• This whole topic is something people don’t want to hear, so don’t worry about that. I can see why assisted suicide could be considered murder…The main story from the Bible that I think of was I believe with Saul. Didn’t he ask his assistant whatever to kill him? There was someone who did, and the guy wouldn’t kill the king, so he killed himself and then the king killed himself, so 2 suicides instead of one assisted suicide; but from what I can tell, the entire thing was wrong. Definitely not the way it should have been. I’m pretty sure it was Saul. There was also Hannah right? She wouldn’t kill her son, but she didn’t want to hear him die. God saved the boy, etc. Oh yeah, and Isaac…God stopped Abraham from killing him, although God set up the whole thing to test his faith. Oh, and Job wished he had never been born, but he didn’t ask to die, although his wife wanted him to. Anyway, those stories are all Old Testament, and in the Old Testament there was also Tamar (messed up story) and the stuff with Noah before he died…point being, there was a lot of stuff then that is different from now. The same diseases that would have killed people then are “managed” now.

          I spoke with my MIL about this topic and she wrote me a paper with Bible verses, etc. I have it somewhere, but I need to review the reasoning again. She most definitely felt that it would be murder, and she thought it was selfish for the suicide victim to get someone to “help” in that way. That, in her mind, was sentencing the “helper” to a life of guilt even if it had been legal. Another great christian friend gave me some very good reasons why she considered it wrong too. There are a lot of people that feel strongly, and I think there is truth and very important considerations on both sides.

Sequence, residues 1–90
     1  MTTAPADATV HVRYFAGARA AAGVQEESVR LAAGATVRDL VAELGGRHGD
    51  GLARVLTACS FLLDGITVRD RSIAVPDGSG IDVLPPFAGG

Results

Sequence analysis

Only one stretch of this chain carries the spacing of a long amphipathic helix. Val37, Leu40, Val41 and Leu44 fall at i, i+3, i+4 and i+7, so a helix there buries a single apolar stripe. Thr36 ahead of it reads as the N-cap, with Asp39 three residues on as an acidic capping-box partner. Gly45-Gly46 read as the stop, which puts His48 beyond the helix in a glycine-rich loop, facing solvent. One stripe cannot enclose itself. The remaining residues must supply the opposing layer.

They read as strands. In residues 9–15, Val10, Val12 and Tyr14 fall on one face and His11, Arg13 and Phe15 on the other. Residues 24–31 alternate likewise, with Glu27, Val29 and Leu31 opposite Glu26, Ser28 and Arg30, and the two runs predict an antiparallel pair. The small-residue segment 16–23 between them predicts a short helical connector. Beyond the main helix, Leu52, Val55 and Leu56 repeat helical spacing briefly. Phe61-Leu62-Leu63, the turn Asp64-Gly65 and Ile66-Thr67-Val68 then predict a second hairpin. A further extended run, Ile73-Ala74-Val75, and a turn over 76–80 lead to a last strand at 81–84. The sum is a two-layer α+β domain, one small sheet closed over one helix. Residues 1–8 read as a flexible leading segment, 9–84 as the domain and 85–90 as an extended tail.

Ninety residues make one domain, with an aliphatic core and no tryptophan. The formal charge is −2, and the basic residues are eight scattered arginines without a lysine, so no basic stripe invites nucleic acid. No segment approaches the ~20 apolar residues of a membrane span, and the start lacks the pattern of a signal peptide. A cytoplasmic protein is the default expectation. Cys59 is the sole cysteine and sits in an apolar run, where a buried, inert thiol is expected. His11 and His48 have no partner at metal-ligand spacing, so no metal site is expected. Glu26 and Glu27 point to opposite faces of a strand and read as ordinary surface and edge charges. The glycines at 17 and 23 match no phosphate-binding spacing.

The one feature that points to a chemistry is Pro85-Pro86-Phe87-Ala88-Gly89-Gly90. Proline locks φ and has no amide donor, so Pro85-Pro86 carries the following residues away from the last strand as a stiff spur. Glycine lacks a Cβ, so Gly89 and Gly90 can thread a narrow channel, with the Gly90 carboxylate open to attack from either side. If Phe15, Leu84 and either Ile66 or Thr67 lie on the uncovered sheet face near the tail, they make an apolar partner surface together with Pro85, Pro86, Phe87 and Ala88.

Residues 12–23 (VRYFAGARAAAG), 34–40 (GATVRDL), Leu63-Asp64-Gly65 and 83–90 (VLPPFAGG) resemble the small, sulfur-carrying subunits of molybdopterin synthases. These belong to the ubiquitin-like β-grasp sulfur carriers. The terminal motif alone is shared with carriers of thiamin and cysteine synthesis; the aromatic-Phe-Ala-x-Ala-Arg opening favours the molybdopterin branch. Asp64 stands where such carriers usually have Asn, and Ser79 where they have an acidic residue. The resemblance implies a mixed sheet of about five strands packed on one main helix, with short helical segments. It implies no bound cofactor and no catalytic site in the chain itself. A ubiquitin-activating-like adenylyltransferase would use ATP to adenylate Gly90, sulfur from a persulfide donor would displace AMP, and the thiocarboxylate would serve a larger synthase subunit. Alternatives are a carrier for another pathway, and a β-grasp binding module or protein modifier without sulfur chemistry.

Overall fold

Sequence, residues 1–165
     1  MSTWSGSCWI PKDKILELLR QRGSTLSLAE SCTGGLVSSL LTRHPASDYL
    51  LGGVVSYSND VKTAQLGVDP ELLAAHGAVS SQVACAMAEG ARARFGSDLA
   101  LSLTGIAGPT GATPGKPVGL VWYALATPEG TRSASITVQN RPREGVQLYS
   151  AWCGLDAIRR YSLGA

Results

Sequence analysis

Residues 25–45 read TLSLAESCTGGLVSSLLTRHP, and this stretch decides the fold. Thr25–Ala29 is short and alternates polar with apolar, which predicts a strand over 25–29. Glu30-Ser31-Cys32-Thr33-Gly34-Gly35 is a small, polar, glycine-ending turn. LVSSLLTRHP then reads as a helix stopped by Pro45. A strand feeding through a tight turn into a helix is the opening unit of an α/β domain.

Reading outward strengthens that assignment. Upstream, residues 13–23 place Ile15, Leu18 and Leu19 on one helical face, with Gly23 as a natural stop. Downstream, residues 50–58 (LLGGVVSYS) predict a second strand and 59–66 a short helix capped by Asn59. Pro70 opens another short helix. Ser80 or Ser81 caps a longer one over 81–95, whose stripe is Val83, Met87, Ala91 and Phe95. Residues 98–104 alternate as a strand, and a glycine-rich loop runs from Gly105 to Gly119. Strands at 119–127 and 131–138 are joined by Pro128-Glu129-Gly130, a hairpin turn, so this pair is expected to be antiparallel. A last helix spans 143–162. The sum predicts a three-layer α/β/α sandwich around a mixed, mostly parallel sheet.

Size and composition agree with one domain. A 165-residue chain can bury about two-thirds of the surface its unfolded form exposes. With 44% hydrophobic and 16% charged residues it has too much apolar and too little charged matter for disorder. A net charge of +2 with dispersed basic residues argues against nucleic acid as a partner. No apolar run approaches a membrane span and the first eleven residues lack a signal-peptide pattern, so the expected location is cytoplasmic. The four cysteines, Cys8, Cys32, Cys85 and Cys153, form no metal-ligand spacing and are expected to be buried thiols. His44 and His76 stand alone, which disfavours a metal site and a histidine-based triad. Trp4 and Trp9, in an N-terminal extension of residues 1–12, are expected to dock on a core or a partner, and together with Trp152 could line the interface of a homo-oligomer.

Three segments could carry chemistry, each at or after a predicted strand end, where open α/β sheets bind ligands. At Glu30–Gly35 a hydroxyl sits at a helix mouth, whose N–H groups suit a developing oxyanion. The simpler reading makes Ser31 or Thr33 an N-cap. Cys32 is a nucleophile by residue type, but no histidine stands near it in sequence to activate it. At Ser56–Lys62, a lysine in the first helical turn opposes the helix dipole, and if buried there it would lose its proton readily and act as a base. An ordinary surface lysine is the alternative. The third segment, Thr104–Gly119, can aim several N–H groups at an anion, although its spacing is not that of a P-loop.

6. This was bleeping intense!!! I think there is most surely a need for assisted suicide. Our attitude of making doctors keep people alive at all costs is just sick. My best friend died of a brain tumor and cancer. His only out were the brave people of the home hospice care group, and all they could say was, “if he happened to take too many of these pills… (wink, wink)…” It just sucks that Jack Kavorkian decided to put himself up as the spokesman for this cause, because he was creepy… I wouldn’t buy a used car from that guy.

  7. Wow… meaty post!

    I believe that a protocol for assisted suicide be put in place for adults capable of informed consent and the patient himself be the one to initiate the decision-making process to end their life.

    I’m most comfortable with AS in the case of someone terminally ill experiencing pain or suffering from laboured breathing. I’m less comfortable with AS as a solution in the case where mental degeneration is the primary issue, and am very uncomfortable with AS for early stage disease where remission is a distinct possibility, depression independent of terminal or chronic disease, or in the case of those not able to give consent (such as children or those without a living will and unable to speak for themselves). The planning and administration of AS should be by specially trained medical personnel.